With dusk falling on a windless and cloudless autumn day in West Virginia, a veiled man in a black sweater and black pants stepped into the hunting cabin owned by Four-Star General Anthony William Underwood.
Underwood was big, with no sloppiness in his body, even at age fifty-nine. He wore a flannel shirt and was unshaven. There was no electricity in the cabin, and a hissing lantern hung from the ceiling, throwing out light that seemed to grow brighter as night approached, casting shadows on the square face beneath Underwood’s equally square crew cut.
He sat at a small dining room table, with a Colt .45 beside an open Bible in front of him. Sometimes a person needed more than God’s Word. Underwood had expected the visitor but not the black veil that revealed only the man’s eyes. He picked up the Colt and leveled it at the veiled man’s chest. “I’m waiting,” he said. His idea. Password protection was as old as mankind. Underwood liked things that didn’t lose effectiveness in the face of computer technology. The Colt was another good example.
“Armageddon,” the visitor complied.
This was the man then. Spooky, all in black like this --- someone ensuring he would be invisible when he left the cabin. Even his shoulder bag was black. Underwood set the pistol back on the table beside the Bible --- within easy reach --- and made no apology for the implication of its continued presence. Underwood had been there in the hills at his lakeside cabin for two days. Alone. Hunting during daylight. His staff knew the retreat had been planned. There was nothing unusual about his stay at the cabin.
That made it the perfect site for this meeting. His staff did not know about the visitor, who, as required by the conditions the general had set for this meeting, had parked five miles away and walked the rest of the way, using a GPS locator to find the cabin.
“I don’t like the veil,” Underwood said. “Looks like what a Muslim woman wears.”
“Niqab,” the visitor said.
When Underwood frowned with obvious incomprehension, the visitor repeated the word. “Niqab. It’s what Muslims call a face veil.”
“Call it what you want. I don’t like it. Muslims are the reason I agreed to this meeting. That veil is a mockery.”
“Think of it as irony. Using something so fundamentally Muslim against them… if you’ll pardon the pun.”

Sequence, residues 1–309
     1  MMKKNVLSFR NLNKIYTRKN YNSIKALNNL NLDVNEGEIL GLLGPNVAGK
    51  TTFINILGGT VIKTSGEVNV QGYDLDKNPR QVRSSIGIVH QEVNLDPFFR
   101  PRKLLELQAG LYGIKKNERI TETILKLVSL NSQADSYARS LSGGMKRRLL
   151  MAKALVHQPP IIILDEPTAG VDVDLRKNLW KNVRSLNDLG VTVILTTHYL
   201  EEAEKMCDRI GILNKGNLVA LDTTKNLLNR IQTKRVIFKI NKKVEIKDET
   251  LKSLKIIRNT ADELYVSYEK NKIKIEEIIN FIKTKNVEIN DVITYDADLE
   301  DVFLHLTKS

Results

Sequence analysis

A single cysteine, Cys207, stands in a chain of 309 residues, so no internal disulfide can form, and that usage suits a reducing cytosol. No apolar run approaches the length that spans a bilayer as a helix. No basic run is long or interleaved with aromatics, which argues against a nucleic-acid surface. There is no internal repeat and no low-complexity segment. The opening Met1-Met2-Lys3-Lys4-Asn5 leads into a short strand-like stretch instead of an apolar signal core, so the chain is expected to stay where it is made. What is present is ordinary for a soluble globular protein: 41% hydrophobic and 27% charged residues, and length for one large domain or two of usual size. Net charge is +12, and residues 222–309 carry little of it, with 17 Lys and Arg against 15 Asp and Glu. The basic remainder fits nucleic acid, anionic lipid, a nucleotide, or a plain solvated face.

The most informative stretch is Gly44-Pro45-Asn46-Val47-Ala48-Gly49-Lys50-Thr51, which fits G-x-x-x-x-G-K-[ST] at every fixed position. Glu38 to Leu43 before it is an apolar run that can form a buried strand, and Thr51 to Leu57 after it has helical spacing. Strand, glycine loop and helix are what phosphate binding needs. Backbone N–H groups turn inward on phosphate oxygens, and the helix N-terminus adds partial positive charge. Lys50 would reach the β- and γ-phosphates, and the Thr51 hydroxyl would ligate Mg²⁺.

“A hood is more American,” Underwood said. American. Unlike his visitor’s accent. British?
“Easier to breathe beneath a niqab,” the visitor said.
Yes. Underwood decided the accent was English. Not Cockney, but what was it called? It came to him. Posh.
“More efficient for vision than eye holes in a hood,” the visitor continued.
“Don’t wear a nabasco then,” Underwood said, deliberately mangling the word. “Or a hood.”
“I’m afraid it’s quite necessary. If you don’t know me, we’re both protected.”
“Could be you are one of the Muslims. There’s lots of them in London, right?” Underwood was fishing for a clue to the man’s identity. “What do they call it now? Londonistan?”
“Think of all the effort it took to set this up and who set it up for you,” the visitor said with those cultured vowel inflections. “You really believe I’m Muslim?”
“If it makes you feel better,” the man said, “call me Smith. A good, clean, American name.” As he spoke, the veiled visitor set his shoulder bag on the floor.
“Smith,” Underwood said. “Get started. If you know anything about me, you know I don’t like wasting time.”
“Let me show you a terrorist’s greatest weapon,” Smith said. He stooped to reach into the bag.
“Hold it right there.” Underwood had the pistol in his hand again, now pointed at the face veil. “The agreement was no weapons.”
Smith froze with his hand inside the shoulder bag, eyes on the Colt. “An agreement I see you had no trouble breaking.”
“My cabin,” Underwood said. “My rules to break. Tell me what you’ve got in there.”
Underwood’s cabin had other rules --- no computers, no cell phones, and no electronics. Normally the general would have barked out a command to leave it in the bag. But this was a meeting with many exceptions already. Including the absolute secrecy.
Underwood set his pistol on the table again as Smith pulled out the laptop. He hadn’t been too worried that Smith would try anything dangerous. He’d just wanted to make a point. He left the pistol near his right hand, happy to continue making the point. “Laptop? You’ll notice my Colt is more effective.”
“The Internet gives terrorists more reach,” Smith said.
“You have to have access to have reach,” Underwood said. “If you’re depending on a connection here, you’ve wasted a lot of time and effort to meet with me.”
“You’re right; without my satellite link, this would have been a waste. But you need to see what we are capable of.” Smith turned the laptop slightly to give the general a view of the screen. The browser had already begun to link to a Web site, and images began to fill the screen: pieces of Monet’s art. It looked like a page of a university site. Underwood noted the Web address and memorized it. He was known for this ability, and it intimidated his staff. Without hesitation, Smith clicked on the painting in the lower right-hand corner. It was titled The Saint-Lazare Station. While available online as a digital image, the painting itself was displayed in the Musée d’Orsay, Paris.